Magnesium is the eighth most abundant mineral on earth and the fourth most abundant mineral in the human body. It is involved in over 300 biochemical reactions in your body and is present in every cell type.
About 50 to 60 percent of all magnesium in the body is stored in the bones and only a small amount is present in the blood.
This nutrient is especially important for healthy bones, regulation of blood pressure, restful sleep, good blood circulation, proper nerve functioning, a strong immune system, heart health, muscle health, proper elimination, absorption of vitamin D and proper digestion of carbohydrates.
Some early signs of magnesium deficiency include numbness and tingling, muscle cramps, and abnormal heart rhythms.
Plus, it is associated with conditions like hypertension, diabetes, heart disease, asthma, insomnia, migraine, anxiety and panic attacks, and musculoskeletal conditions such as fibromyalgia, chronic back pain, etc.
Studies have indicated that most people are not getting enough magnesium and may be deficient. A few causes of magnesium deficiency are an unhealthy diet, excessive alcohol intake, poorly controlled diabetes, excessive or chronic vomiting, and long-term diarrhea.
The recommended dietary allowance for magnesium varies based on age, gender and whether a woman is pregnant or breastfeeding.
Here are the top 10 signs that you are magnesium deficient.
1. Muscle Spasms and Cramps
Regular muscle spasms and cramps are also noticeable symptoms of magnesium deficiency. Magnesium is important for muscle health. It stimulates calcium re-uptake that can help maintain strong muscles and prevent cramps.
It also increases the absorption of potassium, which is critical for proper muscle functioning. In addition, it helps reduce muscle pain by blocking pain receptors in the brain and nervous system.
If you often experience muscle cramps, make sure to check the magnesium level in your body. Frequent muscle twitching, especially eye twitching, may also be caused by magnesium deficiency.
2. Frequent Migraines
If you are prone to frequent migraine attacks, you may be deficient in magnesium . In fact, a 1989 study published in Headache: The Journal of Head and Face Pain concluded that low brain magnesium is an important factor in the mechanism of migraine attacks.
Treatment of migraines during pregnancy requires great care. Magnesium may be a safer choice than powerful prescription medications.
A 2012 study published in the Journal of Neural Transmission suggests that all migraine patients should be treated with magnesium. It may be helpful for treating menstrual migraines, too.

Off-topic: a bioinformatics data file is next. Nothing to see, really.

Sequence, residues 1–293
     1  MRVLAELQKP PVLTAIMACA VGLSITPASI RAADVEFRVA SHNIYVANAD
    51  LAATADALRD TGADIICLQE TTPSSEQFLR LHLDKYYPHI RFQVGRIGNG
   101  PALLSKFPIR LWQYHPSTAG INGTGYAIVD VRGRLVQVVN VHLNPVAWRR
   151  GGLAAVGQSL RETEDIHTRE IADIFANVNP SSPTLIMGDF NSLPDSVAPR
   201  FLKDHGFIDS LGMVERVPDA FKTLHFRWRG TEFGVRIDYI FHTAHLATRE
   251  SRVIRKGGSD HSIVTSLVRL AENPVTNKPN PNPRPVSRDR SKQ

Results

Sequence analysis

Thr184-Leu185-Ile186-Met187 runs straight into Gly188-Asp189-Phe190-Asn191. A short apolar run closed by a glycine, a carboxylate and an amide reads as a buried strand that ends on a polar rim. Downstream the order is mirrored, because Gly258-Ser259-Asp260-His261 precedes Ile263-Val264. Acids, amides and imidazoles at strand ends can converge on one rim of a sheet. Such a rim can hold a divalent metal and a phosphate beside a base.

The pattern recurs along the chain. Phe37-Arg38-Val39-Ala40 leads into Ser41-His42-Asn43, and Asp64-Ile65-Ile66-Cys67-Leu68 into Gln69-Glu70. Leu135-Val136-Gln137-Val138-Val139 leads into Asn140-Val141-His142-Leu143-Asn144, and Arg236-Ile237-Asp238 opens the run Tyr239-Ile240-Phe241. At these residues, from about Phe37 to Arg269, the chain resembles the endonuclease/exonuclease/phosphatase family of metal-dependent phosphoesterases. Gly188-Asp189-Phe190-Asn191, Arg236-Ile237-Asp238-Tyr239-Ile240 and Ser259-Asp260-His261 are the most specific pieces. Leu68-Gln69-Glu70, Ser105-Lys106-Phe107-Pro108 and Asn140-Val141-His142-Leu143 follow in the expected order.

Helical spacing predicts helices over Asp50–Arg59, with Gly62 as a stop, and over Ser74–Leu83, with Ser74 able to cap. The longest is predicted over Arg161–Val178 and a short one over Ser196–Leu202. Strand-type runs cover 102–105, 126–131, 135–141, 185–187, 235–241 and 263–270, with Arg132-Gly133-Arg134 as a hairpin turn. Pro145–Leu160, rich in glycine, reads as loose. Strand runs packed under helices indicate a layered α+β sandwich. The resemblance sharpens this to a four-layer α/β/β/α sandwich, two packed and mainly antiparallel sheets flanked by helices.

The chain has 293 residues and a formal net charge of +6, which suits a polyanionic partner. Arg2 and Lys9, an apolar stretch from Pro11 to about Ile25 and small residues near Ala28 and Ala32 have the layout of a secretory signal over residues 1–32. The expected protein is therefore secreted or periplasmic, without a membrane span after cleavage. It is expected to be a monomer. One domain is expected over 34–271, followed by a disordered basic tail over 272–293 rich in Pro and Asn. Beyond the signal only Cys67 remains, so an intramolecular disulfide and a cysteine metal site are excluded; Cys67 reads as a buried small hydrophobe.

3. Abnormal Heart Rhythms
Irregular and abnormal heart rhythms are one of the classic symptoms of low magnesium in the body. This mineral is important for proper heart functioning and supports the rhythmic heart activity. It even helps ensure proper blood circulation in the body.
In addition, magnesium helps in the transport of calcium and potassium ions across cell membranes, a process that is important for normal heart rhythm.
4. Anxiety, Depression and Restlessness
If you suddenly feel depressed, lethargic, restless and irritable without any known cause, it can be due to a nutritional deficiency, such as magnesium. This mineral helps keep us feeling calm and relaxed and its deficiency is often linked to these problems.
A 2006 study published in the Medical Hypotheses journal reports that magnesium deficiency could cause depression, behavioral disturbances and irritability – all reversible with magnesium repletion.
Increasing your magnesium level can help alleviate nervousness and reduce anxiety, restlessness and general irritation. In addition, it induces sleep, which can help when depression is preventing you from getting proper sleep.
5. Loss of Appetite
Low magnesium in the body can also cause loss of appetite. Magnesium helps the body digest, absorb and utilize proteins, fats and carbohydrates.
Without proper absorption of minerals, your internal system does not work properly, leading to loss of appetite, nausea and vomiting.
6. Unexplained Fatigue and Weakness
Even a mild deficiency of magnesium can cause fatigue and general weakness. You may experience lack of physical or muscle strength and find that you need to put a little extra effort into performing your regular daily activities.
Magnesium plays a key role in breaking down glucose into energy, which boosts your metabolism and helps fight fatigue and weakness.
In addition, this important nutrient regulates the metabolism of other minerals like calcium, potassium, phosphorus, copper, vitamin C and zinc, which help provide energy to your body.